I first wrote about Wardley Maps in 2015, sharing a video of Simon Wardley presenting at the Open Source Conference (OSCON).

Over the years, I have explored a wide range of strategic methodologies, but I have always found myself coming back to the techniques outlined by Simon. In my opinion, mapping a business process is the most effective way of developing a comprehensive strategic plan.

In a perfect world, the map(s) would also be used as a vehicle for collaboration and communication, however, in my experience, this requires a base level of knowledge regarding the methodology itself.

As a result, I recently coordinated a two-day training course on mapping, led by Simon. The goal was to ensure my peers have an understanding of the methodology, hopefully providing a solid foundation for future collaboration.

Why Mapping?

Throughout the ages, maps have been used to help plan, communicate, challenge and mitigate risk.

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The power of a map should not be underestimated, providing valuable insight into how and why we take action. This insight can be used to identify opportunities, outmanoeuvre rivals and explore different options.

As an example, the Battle of Thermopylae (popularised by the movie 300 was fought between the Greeks and the Persians. During the two-day battle, a small Greek force blocked the only land route between Lokris and Thessaly. As a result, the Greeks were able to leverage their understanding of the terrain to overcome enormous odds, defending against the massive Persian army.

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Business competition can also be viewed as a landscape; therefore, the value chain of customers, suppliers, activities and processes can be mapped. This is especially critical for information and technology, which has the potential to disrupt industries and change the competitive landscape (e.g. Amazon, Airbnb, etc.) However, this is only possible if businesses can see the playing field clearly, allowing them to anticipate the future and deploy effective strategies.

Mapping Training

The mapping training was split over two-days, with a strong emphasis on tangible examples and practical exercises.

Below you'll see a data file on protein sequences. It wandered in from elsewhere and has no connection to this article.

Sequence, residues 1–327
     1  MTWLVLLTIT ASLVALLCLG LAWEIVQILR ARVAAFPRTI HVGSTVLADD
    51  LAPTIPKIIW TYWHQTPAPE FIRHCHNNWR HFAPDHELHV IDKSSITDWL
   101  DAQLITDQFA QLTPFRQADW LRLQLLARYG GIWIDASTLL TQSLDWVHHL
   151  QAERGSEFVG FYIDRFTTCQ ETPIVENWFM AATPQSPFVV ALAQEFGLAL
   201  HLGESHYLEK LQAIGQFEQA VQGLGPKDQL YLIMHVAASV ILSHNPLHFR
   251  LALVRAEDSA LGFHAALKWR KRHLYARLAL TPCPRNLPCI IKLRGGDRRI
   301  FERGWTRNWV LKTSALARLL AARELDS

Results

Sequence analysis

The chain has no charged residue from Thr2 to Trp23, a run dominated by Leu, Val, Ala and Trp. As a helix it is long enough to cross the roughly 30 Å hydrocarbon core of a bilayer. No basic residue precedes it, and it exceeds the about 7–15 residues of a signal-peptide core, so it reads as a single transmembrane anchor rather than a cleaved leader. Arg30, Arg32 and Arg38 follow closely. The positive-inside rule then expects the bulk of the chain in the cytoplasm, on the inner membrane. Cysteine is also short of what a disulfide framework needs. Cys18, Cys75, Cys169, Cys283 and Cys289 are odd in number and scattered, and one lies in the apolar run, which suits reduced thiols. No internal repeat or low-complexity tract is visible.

This post will not go into detail regarding the training itself, however, Simon is in the process of writing a book on mapping, which is incredibly comprehensive and can be accessed for free on Medium.

Simon also recently presented at the Google Cloud Next ‘17 conference, where he covered a high-level overview of mapping, which loosely aligned to the structure of the training (excluding the practical exercises, which are key).

The full agenda of the two-day training can be found below:

Day One

  • Importance of Situational Awareness
  • How to Map
  • Practice (Cup of Tea)
  • Basics of Economic Patterns
  • Practice (Ministry of Magic)
  • Doctrine (Bias, Contracts, Methods)
  • Homework (Company Example)

Day Two

  • Presentation of Group Maps
  • Discussion
  • Comparison of Maps
  • Advance Economic Patterns
  • Anticipation of Change
  • Structure
  • Scenario Planning
  • The First 100 Days

Ideally, the two-day training would be completed over multiple weeks (allowing time for homework). However, due to time constraints, we completed the training on consecutive days. This was fairly intense and in hindsight, I would recommend a break (potentially multiple weeks) between the two-days.

As previously stated, the training focused on tangible examples and practical exercises. These were either completed on whiteboards or virtually, using the free Atlas2 web application, which has been specifically designed to facilitate mapping.

If you are interested in booking a similar training, head over to wardleymaps.com, which is supported by the Leading Edge Forum (part of DXC Technology).

Finally, on the 05-OCT-2017, the Leading Edge Forum will be hosting the first Map Camp in London, which is an all-day event focused on mapping. Tickets will be limited, therefore be sure to register soon if you are interested.